The most popular class of vehicle on sale in South Africa is without a doubt a bakkie. And when most people think bakkie, they think of the “holy” trinity: Isuzu D-Max, Toyota Hilux and the Ford Ranger. These are normally people’s first choices when buying a double-cab bakkie. However, there is a perception that these top players tend to be slightly over-priced. So, for those on a tighter budget, there are some great alternatives, such as the Mitsubishi Triton. Anton Willemse Jnr put it through its paces.
When I was growing up, my grandfather bought his first off-roader to go overlanding in. After sampling several products, from Land Rovers to Land Cruisers, he finally settled on something a bit unconventional, a Mitsubishi Pajero. He continued to use Pajero models throughout his overlanding “career” and never had any setbacks with them. His experiences with Mitsubishis made me realise that the brand is a true underdog when it comes to overlanding. And who doesn’t love an underdog? Needless to say, I was looking forward to getting my hands on one of my favourite bakkies on the market, the Mitsubishi Triton.
The Triton has admittedly never been the prettiest bakkie on the market, especially compared to the likes of the Hilux and Ranger. Its styling has been divisive. Those who liked it, absolutely loved it and those who didn’t like it were very outspoken about it. However, the current generation of the Triton, which hit our shores in 2019, certainly put an end to all the snide remarks. I mean – what’s not to like? Personally, I think it‘s a beautiful bakkie!
In recent years, Mitsubishi’s design language and philosophy have focused on robust toughness and strength that exude confidence and generosity. That’s according to official literature and I feel the Triton is the perfect embodiment of this. It looks menacing when cruising about town or in the bush, and its bold and prominent front end reminds me of a bare-chested bodybuilder. The Triton is a bit smaller than the Ranger and the Hilux, but the squared and aggressive lines of the side profile create the illusion of a larger stature.
This good styling and design also give the Triton some decent off-road chops. It has an approach angle of 31 degrees, a departure angle of 29 degrees, and a breakover of 25 degrees. It also has a lateral travel angle of 45 degrees.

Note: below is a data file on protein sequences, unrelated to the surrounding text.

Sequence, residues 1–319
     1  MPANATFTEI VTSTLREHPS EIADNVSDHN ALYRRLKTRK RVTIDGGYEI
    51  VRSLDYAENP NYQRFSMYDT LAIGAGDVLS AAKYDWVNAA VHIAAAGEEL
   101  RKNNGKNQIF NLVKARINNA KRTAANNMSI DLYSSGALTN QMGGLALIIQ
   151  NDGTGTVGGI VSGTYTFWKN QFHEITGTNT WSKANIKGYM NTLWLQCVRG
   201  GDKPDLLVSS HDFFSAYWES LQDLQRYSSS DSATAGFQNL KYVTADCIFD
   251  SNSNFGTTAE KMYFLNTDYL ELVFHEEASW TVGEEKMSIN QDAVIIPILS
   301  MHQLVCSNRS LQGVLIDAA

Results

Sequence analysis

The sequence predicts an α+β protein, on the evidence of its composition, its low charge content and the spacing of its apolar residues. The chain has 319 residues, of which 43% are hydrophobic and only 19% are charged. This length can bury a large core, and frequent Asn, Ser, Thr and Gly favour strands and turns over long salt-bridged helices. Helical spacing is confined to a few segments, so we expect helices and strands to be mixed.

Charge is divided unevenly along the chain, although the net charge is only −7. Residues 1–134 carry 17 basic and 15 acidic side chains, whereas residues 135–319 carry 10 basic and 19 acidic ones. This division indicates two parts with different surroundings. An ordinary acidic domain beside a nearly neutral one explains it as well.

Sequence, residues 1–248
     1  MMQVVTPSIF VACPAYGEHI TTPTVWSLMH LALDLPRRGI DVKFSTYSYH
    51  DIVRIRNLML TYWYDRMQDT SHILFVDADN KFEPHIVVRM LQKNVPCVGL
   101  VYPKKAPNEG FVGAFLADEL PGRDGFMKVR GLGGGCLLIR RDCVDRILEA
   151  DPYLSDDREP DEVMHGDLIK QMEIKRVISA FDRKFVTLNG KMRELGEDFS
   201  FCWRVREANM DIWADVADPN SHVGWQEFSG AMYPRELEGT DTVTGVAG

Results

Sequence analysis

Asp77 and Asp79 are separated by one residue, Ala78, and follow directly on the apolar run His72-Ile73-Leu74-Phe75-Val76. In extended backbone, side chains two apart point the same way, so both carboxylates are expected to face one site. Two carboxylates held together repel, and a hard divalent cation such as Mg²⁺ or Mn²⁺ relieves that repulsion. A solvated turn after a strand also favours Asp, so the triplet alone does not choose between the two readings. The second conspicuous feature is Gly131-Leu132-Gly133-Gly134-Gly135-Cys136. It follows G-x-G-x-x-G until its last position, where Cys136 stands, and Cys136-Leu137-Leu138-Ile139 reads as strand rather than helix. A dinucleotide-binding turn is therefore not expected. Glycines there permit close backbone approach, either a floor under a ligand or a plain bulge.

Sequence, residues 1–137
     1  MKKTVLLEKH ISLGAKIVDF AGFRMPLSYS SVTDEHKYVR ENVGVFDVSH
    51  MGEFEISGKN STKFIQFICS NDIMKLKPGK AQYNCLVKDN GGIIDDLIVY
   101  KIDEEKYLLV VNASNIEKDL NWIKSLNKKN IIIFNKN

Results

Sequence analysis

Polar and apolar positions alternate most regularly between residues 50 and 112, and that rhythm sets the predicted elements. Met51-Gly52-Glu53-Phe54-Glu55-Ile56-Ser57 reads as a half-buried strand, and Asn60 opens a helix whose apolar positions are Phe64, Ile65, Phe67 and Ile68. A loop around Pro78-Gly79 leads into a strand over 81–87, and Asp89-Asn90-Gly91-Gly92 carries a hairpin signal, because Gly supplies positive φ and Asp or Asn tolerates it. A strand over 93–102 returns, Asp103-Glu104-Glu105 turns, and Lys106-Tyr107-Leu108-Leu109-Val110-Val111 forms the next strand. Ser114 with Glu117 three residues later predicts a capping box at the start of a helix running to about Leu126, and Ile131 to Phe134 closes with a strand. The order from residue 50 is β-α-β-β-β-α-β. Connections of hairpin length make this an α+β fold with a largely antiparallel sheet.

The interior is a good blend of function and style and not a major departure from previous models. While some might say it’s starting to show its age, I did not find it too outdated.
I sampled the double-cab GL 4×2, which acts as the entry-level for the double cab line-up of the Triton. Admittedly, the interior isn’t top-notch, but you still get a few niceties at the price. I never felt like I was travelling in a shed and overall, the cabin is a pleasant place to be. There’s actually some decent tech, especially compared to other commercial offerings such as the Hilux Raider 2.4 and the Ranger XLT 2.2. Keyless entry, central locking, an immobiliser and electric windows are all standard, as are automatic air-conditioning, and a touchscreen radio/CD player. A touchscreen system with Android Auto and Apple CarPlay connectivity is available as an optional extra.
Under the hood, you have the tried and tested 2.4L DOHC MIVEC engine, paired with Mitsubishi’s unique Super Select II 4WD system. The power unit has a very substantial peak power output of 133kW at 3 500rpm and a torque output of 430Nm at 2 500rpm. My experience of the Triton engine was that, at times, it felt a bit agricultural and not as refined as some of the competition. It did take some effort to get it up and going. As for the fuel consumption, it was as I expected: around 9.1 litres/100km in town, dropping down to the mid-to-high 8 litres/100km on the open road. The GL 4×2 comes standard with a limited-slip differential, a 75-litre fuel tank and 245/70 R16 alloy wheels. The Triton also has a towing capacity of 3 100kg/2 790kg (braked).
The Triton boasts a decent splattering of safety features such as Mitsubishi’s RISE (Reinforced Impact Safety Evolution) body construction, which protects occupants in the event of a collision while also bolstering pedestrian safety. Seven airbags and side-impact protection beams, as well as ISOFIX child seat anchors add extra peace of mind. The Triton also has some decent passive safety features such as active stability and traction control (ASTC), anti-lock brakes, electronic brake-force distribution (EBD), a brake-assist system (BAS) and hill-start assist (HAS).
The Mitsubishi Triton is an often-overlooked option when shopping for a double cab. The competition is fierce, and customers are mostly set in their ways and extremely brand loyal. However, if you’re in the market for a relatively affordable bakkie, but you still want something proven, capable and reliable, go for the Triton because it won’t let you down. It may be the more unconventional choice, but it might be the correct one.
Model & Pricing
- Triton 2.4L DI-DC M/T GL 4×2: R479 995
- Triton 2.4L DI-DC M/T 4×2: R594 995
- Triton 2.4L DI-DC A/T 4×2: R614 995
- Triton 2.4L DI-DC M/T 4×4: R654 995
- Triton 2.4L DI-DC A/T 4×4: R674 995
- Triton 2.4L DI-DC A/T 4×4 Xtreme: R734 995
*The entire commercial vehicle line-up – including the Triton Double Cab GL – is covered by a 3-year/100 000km manufacturer‘s warranty as standard, along with a 5-year/90 000km service plan. A 5-year/unlimited kilometre roadside assistance is also included, and service intervals are set at every 10 000km.